Flourish NI- A Brighter Future
In the last of our series of interviews marking 3 years since the Human Trafficking and Exploitation Act was passed into legislation in Northern Ireland, we spoke to Jill Robinson from Flourish NI.
Flourish supports survivors of trafficking and their families to move on from the trauma of their past towards a brighter future.
We encourage you to read the interview with Jill below:
How did you get involved with anti-trafficking work?
Jill: Initially through a church in Belfast we were involved with outreach work to girls who worked on the streets of Belfast. Then following a trip to Thailand in 2009 Elizabeth and I learnt of the work of Stop the Traffik and decided to form a group in North Down to raise awareness of human trafficking. It was during our time in North Down ACT, through an immigration lawyer, that we encountered a survivor of human trafficking. It subsequently became obvious that there was a gap in service provision and a need for long term support. Hence the birth of Flourish in March 2014.
How does Flourish NI help victims of trafficking and modern slavery?
Jill: The aim of Flourish is to support survivors of trafficking and their families to move on from the trauma of their past towards a brighter future.
Our services are very much client led but can include anything from providing housing accommodation and furnishing same, sourcing employment and educational opportunities, liaising with health professionals, solicitors and statutory bodies to helping access the benefit system. This list is by no means exhaustive.
Each client is appointed a caseworker and a be-friender as appropriate. This is to help build confidence, reduce vulnerability and empower individuals to integrate into society.
With a lot of intense day to day work we try to mix in some fun activities too- we have a summer BBQ and Christmas Party each year where all of our clients come together. One client actually called it the ‘Flourish Family.’
What role does your faith play in this work?
Jill: Although Flourish is not a faith based charity, both Elizabeth and I believe God is a God of justice and mercy.
Our clients would be of multi faith origin and as Flourish we respect this.
Over the last 4 years we have presented in many churches and have very much appreciated the prayer support we receive.
Could you tell us about some of your clients?
Jill: Flourish works with both adult male and female clients.
We have supported clients from approximately 16 different countries.
When someone is referred to us, we don’t ask people’s stories. Although invariably it will come up, we don’t make it a policy to ask. Our tagline is ‘a brighter future for men and women affected by trafficking.’ We’re always focused on what can be, rather than what has been. Their past doesn’t have to define their future.
An example of a family we have supported is a Romanian husband and wife trafficked for their labour. They were part of a large group of people who had been kept in a house in Portadown.
They had come to Northern Ireland in the hope of a well paid job which would allow them to send money home to their families in Romania. The judge in the court case said, ‘The living conditions were characterised by one of the victims as living like rats.’ They were forced to work in local factories up to 70 hours per week and lived in extremely poor conditions in a 3 bedroom house, sharing one bathroom with no toilet paper. The trafficker in this case was convicted but received a low sentence of about 2 years.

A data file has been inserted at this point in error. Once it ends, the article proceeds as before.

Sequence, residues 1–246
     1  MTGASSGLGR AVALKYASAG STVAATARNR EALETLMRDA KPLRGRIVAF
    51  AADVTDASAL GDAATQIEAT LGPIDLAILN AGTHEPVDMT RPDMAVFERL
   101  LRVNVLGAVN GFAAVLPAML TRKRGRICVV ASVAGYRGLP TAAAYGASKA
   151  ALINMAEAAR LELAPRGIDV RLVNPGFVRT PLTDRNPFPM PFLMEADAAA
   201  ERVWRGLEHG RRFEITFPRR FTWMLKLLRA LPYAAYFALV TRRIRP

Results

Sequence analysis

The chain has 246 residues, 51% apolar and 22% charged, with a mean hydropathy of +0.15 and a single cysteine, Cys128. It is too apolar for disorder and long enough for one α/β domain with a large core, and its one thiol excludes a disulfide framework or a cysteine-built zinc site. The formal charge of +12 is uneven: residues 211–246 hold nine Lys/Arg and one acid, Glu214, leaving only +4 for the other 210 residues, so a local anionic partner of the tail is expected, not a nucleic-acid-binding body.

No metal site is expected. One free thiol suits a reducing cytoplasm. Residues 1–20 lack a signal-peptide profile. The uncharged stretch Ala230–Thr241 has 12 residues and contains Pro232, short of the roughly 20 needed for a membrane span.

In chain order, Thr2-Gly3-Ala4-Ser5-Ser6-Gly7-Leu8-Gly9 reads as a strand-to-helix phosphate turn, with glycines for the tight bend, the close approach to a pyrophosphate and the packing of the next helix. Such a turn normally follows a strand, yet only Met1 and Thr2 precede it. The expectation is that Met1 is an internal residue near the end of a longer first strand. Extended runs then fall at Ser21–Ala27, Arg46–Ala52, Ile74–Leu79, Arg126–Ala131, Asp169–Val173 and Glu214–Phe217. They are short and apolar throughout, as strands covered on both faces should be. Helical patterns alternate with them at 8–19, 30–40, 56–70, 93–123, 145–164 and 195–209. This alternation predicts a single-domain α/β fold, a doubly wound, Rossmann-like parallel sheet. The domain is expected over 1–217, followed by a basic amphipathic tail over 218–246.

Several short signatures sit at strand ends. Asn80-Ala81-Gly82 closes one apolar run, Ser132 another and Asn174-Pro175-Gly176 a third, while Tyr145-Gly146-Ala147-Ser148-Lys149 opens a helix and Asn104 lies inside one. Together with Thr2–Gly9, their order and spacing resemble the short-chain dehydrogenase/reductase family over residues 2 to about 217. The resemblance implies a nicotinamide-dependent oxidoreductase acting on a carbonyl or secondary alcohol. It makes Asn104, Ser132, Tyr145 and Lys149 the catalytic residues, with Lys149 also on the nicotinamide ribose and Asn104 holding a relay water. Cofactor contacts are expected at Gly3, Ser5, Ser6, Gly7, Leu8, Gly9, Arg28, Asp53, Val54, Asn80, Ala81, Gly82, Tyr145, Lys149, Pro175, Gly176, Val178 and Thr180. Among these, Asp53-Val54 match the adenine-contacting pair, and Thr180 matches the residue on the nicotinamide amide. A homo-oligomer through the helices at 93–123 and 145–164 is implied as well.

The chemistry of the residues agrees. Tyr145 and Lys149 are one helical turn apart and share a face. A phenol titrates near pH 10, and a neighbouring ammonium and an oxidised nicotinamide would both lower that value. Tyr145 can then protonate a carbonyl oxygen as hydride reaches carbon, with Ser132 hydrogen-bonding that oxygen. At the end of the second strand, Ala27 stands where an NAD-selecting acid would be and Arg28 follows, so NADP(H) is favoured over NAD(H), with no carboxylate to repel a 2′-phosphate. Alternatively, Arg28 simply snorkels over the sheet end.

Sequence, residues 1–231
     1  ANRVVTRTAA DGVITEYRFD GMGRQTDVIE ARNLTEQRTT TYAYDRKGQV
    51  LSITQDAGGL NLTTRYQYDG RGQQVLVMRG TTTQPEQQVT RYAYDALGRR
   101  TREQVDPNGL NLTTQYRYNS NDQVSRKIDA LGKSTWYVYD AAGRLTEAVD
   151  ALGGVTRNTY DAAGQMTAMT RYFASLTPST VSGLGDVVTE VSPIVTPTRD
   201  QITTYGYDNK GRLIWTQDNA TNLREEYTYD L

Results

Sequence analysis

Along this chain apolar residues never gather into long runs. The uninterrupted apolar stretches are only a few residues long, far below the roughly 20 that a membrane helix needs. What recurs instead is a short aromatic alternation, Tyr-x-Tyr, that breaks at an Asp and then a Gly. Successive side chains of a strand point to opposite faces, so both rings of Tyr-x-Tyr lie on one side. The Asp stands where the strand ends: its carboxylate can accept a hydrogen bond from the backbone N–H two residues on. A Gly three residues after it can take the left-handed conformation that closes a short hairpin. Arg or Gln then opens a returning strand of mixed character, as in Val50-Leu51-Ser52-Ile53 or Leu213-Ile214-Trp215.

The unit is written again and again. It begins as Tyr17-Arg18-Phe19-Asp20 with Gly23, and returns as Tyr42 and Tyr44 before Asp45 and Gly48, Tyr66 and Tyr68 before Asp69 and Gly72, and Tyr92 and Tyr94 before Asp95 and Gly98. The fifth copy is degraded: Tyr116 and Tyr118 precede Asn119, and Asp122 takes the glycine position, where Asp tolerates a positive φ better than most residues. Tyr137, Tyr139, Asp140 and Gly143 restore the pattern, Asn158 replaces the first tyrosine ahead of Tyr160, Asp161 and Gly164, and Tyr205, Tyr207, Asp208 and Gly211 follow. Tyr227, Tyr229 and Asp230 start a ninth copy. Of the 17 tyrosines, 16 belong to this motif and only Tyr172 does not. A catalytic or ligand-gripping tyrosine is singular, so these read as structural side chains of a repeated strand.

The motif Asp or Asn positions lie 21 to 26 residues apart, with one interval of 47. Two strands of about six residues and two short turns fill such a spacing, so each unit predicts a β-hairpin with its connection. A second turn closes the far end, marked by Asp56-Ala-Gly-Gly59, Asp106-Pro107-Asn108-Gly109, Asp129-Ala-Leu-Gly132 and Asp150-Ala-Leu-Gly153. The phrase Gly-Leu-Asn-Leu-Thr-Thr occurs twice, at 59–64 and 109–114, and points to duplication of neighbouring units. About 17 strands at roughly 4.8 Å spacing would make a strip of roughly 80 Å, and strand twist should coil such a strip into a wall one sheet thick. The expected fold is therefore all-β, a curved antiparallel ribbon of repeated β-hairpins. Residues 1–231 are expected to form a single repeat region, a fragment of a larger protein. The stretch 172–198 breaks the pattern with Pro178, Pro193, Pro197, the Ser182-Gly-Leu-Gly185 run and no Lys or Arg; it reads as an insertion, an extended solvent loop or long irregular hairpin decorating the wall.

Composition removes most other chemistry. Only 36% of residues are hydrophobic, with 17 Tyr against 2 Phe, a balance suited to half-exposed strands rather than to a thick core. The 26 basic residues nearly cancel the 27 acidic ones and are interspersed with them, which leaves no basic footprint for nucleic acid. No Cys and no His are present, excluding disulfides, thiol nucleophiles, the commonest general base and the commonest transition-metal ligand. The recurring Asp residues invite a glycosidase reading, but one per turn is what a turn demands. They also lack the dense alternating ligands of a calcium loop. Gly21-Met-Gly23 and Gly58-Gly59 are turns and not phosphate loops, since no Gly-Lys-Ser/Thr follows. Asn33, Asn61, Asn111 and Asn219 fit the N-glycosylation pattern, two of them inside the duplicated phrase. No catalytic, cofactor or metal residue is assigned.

We facilitated reuniting this family with their 5 children. We provided intense casework over a long period to this family supporting them towards a brighter future.
How long do you offer support to your clients?
Jill: When someone first comes into our service we could be with them 4 or 5 times a week. As they make progress we slowly step back. Once someone is able to speak the language, are financially independent and to some degree are integrated into the community and are feeling settled, we begin to consider withdrawing support. That said, our clients know that if they ever hit a crisis point, that our door is always open. They will still be included in our parties too, even after they have ‘exited’ the service.
Our aim is to support someone for up to 18 months and at that point they will be re-assessed. However “life” happens and if necessary this term is extended.
What would you say is the biggest challenge you face in this work?
Jill: We are dealing with vulnerable adults who have been through a significant level of trauma. On top of that, the English language barrier can pose some major challenges.
We recognise the need is great and there is so much that could be done but resources are limited. As a charity with no statutory funding we rely solely on donations and fundraising.
In the coming months what would you hope to see?
Jill: In the coming months we will be piloting new creative arts, cooking and sewing classes to provide therapy in a safe place. We would like to see some of our clients use the skills they learn to gain employment/self employment.
We would also like to be in a position to recruit another caseworker and we are always keen to recruit new volunteers!